The Law’s definition of child abuse material is found in Section 91FB of the Crimes Act 1900, which is as follows:
Meaning of 91FB Child Abuse Material
(1) “Child abuse material” is defined as material in this division that depicts or describes one of the following in a way that a reasonable person would find offensive under all the circumstances:
(a) a child who is, appears to be, or is implied to be, a victim of torture, cruelty, or physical abuse; or (b) a child who is, appears to be, or is implied to be, a child engaged in or apparently engaged in a sexual pose or sexual activity (whether or not in
(c) Any individual who is, seems to be, or is implied to be a minor in the company of another individual who is involved in or apparently engaged in a sexual pose or sexual activity, or
(d) the intimate body parts of an individual who is, seems to be, or is implied to be, a minor.
(2) When determining whether specific material would be considered offensive by reasonable individuals, the following factors should be taken into consideration:
(a) The standards of morality, decency, and propriety that are generally accepted by reasonable adults.
(b) The potential literary, artistic, or educational value of the material, if any.
(c) The journalistic value, if any, of the material, particularly if it serves as a record or report of a matter of public interest.
(d) The overall character of the material, including whether it falls within medical, legal, or scientific contexts.
(3) Material that portrays an individual or their intimate body parts encompasses material that portrays a representation of an individual or their intimate body parts. This includes material that has been modified or manipulated to give the impression of an individual being a minor or to produce a depiction as mentioned in subsection (1).
(4) The term “private parts” of an individual refer to:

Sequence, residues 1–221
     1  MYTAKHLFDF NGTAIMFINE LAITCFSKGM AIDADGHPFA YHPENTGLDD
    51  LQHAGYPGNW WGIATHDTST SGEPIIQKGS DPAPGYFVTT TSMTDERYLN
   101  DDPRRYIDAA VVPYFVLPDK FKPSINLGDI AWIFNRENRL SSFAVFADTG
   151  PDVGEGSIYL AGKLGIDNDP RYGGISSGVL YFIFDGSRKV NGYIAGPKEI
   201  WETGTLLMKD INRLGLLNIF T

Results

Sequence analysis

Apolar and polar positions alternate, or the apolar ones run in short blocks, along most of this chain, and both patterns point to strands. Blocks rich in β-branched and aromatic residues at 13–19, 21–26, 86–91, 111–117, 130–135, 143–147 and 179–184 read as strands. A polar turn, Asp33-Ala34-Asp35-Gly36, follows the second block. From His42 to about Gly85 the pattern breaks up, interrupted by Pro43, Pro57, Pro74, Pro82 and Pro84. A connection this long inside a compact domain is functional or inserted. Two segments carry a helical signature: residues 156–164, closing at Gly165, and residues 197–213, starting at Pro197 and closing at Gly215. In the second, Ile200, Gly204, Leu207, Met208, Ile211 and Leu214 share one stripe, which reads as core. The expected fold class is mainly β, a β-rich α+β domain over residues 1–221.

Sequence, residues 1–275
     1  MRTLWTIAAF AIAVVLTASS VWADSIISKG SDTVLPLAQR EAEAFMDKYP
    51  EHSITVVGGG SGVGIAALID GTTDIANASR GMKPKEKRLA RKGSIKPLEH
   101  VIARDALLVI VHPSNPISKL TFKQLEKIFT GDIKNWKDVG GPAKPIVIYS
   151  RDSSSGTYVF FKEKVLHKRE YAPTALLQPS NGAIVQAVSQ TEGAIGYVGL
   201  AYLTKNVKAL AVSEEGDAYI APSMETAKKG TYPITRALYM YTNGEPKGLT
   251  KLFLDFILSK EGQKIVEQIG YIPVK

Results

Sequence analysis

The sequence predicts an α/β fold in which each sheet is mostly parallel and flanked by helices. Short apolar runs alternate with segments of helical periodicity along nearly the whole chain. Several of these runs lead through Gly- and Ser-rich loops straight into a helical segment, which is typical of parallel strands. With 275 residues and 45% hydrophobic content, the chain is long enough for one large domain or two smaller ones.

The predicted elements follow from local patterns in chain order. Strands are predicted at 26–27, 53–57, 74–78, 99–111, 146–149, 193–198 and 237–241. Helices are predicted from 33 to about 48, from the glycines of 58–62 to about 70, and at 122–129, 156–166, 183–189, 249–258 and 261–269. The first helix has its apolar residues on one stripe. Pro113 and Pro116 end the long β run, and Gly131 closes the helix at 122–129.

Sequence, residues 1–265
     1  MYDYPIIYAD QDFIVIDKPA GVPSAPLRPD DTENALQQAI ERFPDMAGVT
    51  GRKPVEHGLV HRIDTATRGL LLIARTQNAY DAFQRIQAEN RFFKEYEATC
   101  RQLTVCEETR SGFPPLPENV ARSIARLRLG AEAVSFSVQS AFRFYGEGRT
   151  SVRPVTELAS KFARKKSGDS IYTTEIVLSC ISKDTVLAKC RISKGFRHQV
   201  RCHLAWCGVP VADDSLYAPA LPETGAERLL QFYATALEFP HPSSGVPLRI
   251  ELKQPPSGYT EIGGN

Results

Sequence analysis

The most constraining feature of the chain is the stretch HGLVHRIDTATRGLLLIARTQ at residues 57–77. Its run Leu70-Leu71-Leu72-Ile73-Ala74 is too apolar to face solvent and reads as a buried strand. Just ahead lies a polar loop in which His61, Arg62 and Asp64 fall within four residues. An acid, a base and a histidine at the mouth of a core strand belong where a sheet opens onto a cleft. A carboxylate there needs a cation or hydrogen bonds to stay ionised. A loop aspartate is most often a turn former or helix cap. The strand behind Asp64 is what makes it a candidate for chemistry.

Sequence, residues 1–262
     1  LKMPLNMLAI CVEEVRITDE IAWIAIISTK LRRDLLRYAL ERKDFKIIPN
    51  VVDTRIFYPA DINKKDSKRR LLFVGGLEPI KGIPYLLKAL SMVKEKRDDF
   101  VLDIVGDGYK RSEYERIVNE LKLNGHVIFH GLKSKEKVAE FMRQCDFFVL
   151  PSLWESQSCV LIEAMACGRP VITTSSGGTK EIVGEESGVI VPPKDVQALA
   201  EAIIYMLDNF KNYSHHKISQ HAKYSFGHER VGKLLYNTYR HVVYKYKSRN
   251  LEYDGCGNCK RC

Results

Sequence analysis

(a) The genital area or anal area of an individual, or
(b) The breasts of a female individual.
If you are facing charges for the offence of Producing, Disseminating, or Possessing Child Abuse Material, contact KPT Defence Lawyers at (02) 9267 5555 to schedule a complimentary initial consultation with a skilled defence lawyer. During this meeting, the lawyer will inform you about your available options, guide you on the best course of action, and vigorously strive to achieve the most favorable result in your case.
Child abuse material, often referred to as child pornography, includes any visual, written, or digital material that depicts explicit or sexual content involving minors under the age of 18. This is a serious criminal offense.
Penalties for child abuse material offences can be severe and may include imprisonment, fines, and being placed on a sex offender registry. The specific penalties depend on factors like the severity of the material, the accused’s prior criminal record, and jurisdictional laws.
No, possession, distribution, and production are distinct offences. Possession involves having child abuse material in your possession. Distribution is sharing or disseminating such material, while production entails creating or generating it.
Accidental downloads or unintentional possession of such material may be taken into consideration during legal proceedings. However, whether you are charged or not depends on the circumstances, and you should seek tailored advice from one of our criminal defence lawyers on your situation.